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Saudis to Lose $211m/Day if Oil Use Not Checked

Saudis to Lose $211m/Day if Oil Use Not CheckedSaudis to Lose $211m/Day if Oil Use Not Checked

A group of economic experts has warned that Saudi Arabia stands to lose 795 million riyals ($211.9 million) per day by using oil to generate electricity and for water desalination, and called for tapping renewable and alternative energy resources.

According to statistics, the country’s current oil consumption stands at 4.2 million barrels per day, and it is expected to increase to 9.5 million by 2035, AP reported.

Ihsan Bu-Hulaiga, head of the Joatha Consulting, told Arab News: “Of course, this is a big loss to the country. By improving efficiency, Saudi Arabia can cut up to one-third of its current oil consumption. It makes sense to highlight the initiative that was taken by Saudi Standard, Metrology and Quality Organization. As per that initiative, effective Jan. 1, 2016, all imported vehicles need to abide by standards of fuel efficiency.”

Sami Al-Nwaisir, financial economist and chairman of the board for Al Sami Holding Group, Jeddah, said: “Saudi Arabia needs to invest in the development of nuclear power plants for electricity generation and other purposes since the major part of oil goes to generating electricity.”

He said: “The country needs to invest more in public transportation in order to reduce the number of private cars and thus oil consumption”.

John Sfakianakis, Middle East director at Ashmore Group, said: “The only viable way to reduce oil consumption is to increase the electricity and water tariffs. Both can’t be sustained in the longer run at the current rates, especially as Saudi Arabia doesn’t have any natural sources for water and electricity. These are produced at a very high cost and can’t be provided for free. Consumption needs to be tampered and costs need to represent market realities.”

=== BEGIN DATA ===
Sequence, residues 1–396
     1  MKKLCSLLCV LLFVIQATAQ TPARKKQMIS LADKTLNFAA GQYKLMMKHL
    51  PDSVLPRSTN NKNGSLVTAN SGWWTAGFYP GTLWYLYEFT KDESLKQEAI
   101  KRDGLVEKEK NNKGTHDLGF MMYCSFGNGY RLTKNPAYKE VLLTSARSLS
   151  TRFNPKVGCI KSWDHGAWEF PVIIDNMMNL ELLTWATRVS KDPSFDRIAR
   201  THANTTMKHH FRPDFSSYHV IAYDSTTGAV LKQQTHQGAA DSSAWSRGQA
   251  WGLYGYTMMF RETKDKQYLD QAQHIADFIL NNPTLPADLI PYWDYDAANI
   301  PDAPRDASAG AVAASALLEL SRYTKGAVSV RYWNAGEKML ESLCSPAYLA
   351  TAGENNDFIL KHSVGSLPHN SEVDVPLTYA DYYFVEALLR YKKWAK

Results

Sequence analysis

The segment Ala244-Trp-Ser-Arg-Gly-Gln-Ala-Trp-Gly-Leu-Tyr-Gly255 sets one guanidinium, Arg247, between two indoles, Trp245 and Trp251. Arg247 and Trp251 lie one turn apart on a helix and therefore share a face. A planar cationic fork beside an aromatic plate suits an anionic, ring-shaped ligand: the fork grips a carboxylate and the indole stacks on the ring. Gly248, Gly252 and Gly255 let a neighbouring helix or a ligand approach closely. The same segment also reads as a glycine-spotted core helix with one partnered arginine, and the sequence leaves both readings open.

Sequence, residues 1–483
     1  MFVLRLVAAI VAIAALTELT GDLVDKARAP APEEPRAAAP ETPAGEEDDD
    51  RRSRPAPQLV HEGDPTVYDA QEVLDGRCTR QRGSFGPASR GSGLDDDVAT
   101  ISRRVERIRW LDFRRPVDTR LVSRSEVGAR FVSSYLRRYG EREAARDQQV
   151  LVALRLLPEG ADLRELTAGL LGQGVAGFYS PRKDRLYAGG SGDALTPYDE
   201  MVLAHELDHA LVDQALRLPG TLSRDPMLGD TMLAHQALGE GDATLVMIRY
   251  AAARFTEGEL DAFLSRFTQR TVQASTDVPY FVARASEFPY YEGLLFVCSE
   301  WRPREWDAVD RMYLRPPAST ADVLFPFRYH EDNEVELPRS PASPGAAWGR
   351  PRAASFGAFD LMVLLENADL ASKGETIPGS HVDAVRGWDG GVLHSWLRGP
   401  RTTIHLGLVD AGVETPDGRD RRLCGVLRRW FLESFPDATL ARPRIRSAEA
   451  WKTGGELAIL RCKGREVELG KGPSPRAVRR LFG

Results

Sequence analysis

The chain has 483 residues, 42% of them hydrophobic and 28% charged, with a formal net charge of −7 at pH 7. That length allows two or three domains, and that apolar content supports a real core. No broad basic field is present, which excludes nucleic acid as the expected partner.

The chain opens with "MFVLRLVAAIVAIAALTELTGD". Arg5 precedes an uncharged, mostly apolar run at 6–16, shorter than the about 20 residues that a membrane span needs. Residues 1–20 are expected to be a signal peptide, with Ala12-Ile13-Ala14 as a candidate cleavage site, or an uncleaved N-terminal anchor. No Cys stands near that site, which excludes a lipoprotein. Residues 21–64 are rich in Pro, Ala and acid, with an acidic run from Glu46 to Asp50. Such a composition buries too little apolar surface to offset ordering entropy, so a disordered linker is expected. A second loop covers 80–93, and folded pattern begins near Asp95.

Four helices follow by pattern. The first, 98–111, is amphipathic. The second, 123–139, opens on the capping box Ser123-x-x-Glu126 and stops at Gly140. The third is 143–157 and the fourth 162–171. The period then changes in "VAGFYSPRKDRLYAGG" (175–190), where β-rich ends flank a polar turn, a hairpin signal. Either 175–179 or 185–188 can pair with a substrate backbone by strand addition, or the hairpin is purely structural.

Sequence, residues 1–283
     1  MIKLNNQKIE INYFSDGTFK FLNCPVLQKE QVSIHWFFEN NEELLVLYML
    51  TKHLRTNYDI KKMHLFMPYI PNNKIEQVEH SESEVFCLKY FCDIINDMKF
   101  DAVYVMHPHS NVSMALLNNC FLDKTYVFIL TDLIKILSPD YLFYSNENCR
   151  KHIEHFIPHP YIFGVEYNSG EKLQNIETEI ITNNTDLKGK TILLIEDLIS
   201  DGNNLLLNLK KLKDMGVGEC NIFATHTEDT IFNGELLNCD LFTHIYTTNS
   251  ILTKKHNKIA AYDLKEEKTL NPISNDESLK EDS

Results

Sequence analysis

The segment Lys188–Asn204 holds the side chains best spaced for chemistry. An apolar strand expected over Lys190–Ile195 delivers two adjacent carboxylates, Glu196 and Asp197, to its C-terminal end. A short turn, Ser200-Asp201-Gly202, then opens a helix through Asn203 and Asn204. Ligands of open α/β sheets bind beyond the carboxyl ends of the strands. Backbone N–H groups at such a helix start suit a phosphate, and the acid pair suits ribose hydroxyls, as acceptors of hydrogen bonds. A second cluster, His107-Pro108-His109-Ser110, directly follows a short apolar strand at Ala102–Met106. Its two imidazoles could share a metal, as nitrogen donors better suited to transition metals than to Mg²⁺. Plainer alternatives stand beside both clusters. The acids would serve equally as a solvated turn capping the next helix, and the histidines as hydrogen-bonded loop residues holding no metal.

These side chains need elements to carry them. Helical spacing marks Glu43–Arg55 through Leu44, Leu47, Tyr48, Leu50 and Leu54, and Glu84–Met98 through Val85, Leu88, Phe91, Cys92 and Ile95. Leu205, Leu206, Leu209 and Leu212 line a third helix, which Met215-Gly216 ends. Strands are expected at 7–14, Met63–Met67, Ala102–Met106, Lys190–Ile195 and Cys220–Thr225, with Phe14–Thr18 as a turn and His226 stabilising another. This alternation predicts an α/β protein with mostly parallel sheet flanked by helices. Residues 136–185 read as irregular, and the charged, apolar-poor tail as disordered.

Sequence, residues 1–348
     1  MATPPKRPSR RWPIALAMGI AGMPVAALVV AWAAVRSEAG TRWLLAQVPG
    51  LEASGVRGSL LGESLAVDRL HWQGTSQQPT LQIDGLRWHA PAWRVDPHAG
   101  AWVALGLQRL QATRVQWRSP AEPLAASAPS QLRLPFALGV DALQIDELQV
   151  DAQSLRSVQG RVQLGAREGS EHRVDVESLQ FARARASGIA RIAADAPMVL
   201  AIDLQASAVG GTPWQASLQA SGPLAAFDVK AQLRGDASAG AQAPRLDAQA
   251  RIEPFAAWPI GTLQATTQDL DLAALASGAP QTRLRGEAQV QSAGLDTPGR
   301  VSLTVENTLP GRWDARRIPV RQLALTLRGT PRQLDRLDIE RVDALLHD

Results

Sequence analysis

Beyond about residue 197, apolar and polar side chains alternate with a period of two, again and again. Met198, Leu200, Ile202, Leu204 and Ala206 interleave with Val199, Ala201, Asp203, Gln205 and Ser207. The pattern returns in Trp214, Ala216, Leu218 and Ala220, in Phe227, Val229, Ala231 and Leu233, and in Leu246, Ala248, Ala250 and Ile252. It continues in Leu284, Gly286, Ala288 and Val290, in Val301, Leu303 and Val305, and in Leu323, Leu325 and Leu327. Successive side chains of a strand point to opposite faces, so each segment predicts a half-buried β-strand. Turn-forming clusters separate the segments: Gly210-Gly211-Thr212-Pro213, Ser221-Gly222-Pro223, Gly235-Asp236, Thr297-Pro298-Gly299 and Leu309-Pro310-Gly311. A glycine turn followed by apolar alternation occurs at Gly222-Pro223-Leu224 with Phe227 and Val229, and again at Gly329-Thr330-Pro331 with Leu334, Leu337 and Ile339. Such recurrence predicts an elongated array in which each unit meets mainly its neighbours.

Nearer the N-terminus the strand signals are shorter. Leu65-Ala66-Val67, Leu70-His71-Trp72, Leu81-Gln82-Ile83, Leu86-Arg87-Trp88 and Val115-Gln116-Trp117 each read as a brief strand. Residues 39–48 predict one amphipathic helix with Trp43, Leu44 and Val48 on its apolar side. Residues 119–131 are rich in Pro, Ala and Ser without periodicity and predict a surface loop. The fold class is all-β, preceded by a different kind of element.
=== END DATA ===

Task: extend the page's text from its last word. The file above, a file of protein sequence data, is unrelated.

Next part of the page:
Echoing Sfakianakis remarks, James Reeve, deputy chief economist and assistant general manager, Samba Financial Group, said: “The most effective way to improve the country’s power situation is to limit demand by raising its price. Subsidies on petroleum products, such as gasoline, need to be removed or at least reduced. This will help reduce demand, while also allowing more oil to be exported, thus improving the government’s fiscal position.”

However, he said, “Investment should be made in alternative sources of power, including solar and nuclear. Coal is also an option.”

Mohamed Ramady, professor of finance and economics at King Fahd University of Petroleum and Minerals, said: “Reduced oil consumption can only come about through a combination of change in the price mechanism, public education and regulation requiring green building energy efficiency codes being strictly enforced.”

He said: “For Saudi Arabia, the most effective method is to launch a high impact public awareness campaign to put through a blunt message ‘save energy today for the future of your children’.”

Caption

Saudi Arabia has the world’s biggest desalination plant.

 

Financialtribune.com